Iteratively mapping data and AI ethics research highlighted other areas that are especially challenging or complex. JUST AI specifically identified issues of holistic sustainability and the dynamics of rights, access, and refusal surrounding data-driven AI technologies. In response, we formed the Deep Sustainability and Rights, Access, and Refusal (RAR) working groups to intervene through structured conversation and commissioned work. These groups include JUST AI team members, Ada staff, and external scholars and creative researchers. Each working group designed its own approach to define and conduct cross-disciplinary research, including how to commission publicly-engaging creative work and host discussions among experts. They are intended to experiment with new directions and demonstrate the role creative and humanities-led work has in building capacity for interdisciplinary encounters.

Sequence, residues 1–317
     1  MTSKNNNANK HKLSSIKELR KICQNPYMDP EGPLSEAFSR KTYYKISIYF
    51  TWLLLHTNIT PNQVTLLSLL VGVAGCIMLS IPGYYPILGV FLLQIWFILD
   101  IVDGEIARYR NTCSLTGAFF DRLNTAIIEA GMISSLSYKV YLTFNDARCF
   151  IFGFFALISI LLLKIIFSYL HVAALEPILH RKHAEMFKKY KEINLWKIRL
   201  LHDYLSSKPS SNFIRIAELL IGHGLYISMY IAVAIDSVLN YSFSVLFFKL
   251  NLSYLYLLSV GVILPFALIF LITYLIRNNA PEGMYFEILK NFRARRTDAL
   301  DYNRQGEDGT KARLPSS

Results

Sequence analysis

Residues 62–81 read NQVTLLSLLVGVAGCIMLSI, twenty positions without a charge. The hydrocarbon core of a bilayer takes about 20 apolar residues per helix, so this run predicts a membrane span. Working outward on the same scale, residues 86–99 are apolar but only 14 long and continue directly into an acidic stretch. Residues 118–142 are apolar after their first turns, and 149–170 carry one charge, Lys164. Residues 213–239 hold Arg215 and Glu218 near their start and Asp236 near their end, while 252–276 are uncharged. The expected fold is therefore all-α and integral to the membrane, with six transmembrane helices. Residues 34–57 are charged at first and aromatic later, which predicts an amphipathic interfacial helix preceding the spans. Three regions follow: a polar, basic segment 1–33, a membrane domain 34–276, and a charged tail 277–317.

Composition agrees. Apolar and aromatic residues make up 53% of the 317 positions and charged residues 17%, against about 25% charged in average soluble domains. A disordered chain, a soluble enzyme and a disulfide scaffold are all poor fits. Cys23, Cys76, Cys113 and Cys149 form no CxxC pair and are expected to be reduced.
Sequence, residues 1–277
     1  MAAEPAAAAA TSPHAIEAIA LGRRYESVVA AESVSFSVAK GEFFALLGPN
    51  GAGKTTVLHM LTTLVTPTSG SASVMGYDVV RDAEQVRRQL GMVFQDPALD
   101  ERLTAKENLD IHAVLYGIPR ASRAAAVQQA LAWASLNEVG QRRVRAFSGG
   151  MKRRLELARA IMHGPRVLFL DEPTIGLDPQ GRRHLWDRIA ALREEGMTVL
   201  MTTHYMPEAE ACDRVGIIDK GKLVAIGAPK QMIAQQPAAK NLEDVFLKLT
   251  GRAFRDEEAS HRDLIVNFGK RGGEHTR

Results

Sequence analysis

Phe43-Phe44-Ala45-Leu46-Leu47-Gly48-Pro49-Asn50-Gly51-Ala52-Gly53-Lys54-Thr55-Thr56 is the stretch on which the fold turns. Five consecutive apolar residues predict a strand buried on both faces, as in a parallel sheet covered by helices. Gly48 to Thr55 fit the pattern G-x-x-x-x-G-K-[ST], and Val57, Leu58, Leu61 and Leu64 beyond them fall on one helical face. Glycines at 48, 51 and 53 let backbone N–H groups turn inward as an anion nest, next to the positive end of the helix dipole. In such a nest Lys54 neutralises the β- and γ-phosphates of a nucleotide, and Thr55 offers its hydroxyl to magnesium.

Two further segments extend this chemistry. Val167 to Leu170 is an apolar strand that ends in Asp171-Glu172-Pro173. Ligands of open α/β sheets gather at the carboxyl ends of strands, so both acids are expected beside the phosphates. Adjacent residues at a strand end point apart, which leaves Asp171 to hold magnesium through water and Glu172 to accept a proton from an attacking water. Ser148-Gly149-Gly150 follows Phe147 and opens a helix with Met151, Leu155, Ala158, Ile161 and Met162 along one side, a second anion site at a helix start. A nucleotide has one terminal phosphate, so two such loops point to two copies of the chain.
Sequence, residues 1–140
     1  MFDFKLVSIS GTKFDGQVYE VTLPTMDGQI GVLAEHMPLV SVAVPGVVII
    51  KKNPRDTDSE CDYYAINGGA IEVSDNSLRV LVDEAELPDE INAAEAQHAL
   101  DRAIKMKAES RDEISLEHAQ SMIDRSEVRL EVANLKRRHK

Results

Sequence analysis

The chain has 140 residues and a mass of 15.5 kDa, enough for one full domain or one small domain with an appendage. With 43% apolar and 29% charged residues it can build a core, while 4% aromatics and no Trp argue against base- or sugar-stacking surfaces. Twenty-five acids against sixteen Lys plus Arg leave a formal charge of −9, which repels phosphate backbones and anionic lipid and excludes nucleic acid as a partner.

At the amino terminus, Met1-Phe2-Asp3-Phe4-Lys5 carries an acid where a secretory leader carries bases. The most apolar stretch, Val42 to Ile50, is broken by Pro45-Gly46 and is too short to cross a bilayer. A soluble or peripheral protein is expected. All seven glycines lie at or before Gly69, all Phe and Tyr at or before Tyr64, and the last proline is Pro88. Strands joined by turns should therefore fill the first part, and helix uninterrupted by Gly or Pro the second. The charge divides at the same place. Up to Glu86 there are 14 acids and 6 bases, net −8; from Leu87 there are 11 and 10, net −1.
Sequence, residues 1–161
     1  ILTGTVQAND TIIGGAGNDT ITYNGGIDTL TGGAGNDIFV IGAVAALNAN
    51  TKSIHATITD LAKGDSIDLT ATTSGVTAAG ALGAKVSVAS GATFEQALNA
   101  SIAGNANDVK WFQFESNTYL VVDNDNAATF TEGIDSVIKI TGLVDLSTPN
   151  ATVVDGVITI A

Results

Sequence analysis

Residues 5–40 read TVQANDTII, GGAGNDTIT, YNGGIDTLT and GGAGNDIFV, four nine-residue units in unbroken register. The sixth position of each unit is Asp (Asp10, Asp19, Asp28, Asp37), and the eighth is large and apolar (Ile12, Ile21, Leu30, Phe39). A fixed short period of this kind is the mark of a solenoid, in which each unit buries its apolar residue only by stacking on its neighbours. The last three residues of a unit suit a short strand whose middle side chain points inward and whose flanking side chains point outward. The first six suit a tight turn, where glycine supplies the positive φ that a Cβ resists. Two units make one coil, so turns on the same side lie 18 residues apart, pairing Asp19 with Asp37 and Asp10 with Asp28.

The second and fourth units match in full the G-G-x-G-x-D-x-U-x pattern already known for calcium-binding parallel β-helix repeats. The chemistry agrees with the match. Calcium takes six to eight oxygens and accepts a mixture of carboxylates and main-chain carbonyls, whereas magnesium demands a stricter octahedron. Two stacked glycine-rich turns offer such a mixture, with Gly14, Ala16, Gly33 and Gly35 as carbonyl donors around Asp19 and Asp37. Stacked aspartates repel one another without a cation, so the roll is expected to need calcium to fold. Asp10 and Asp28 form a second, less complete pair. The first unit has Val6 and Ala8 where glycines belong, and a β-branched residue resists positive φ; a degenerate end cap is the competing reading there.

Commissioning creative work (including art, design, and writing) is a way for JUST AI to position humanity as the basis of ethical consideration. In addition to commissions within the Racial Justice Fellowship and working groups, JUST AI has supported fiction writing in our effort to prototype ethical futures. 

OUR RESULT:

A NETWORK THAT MODELS A NEW WAY TO NETWORK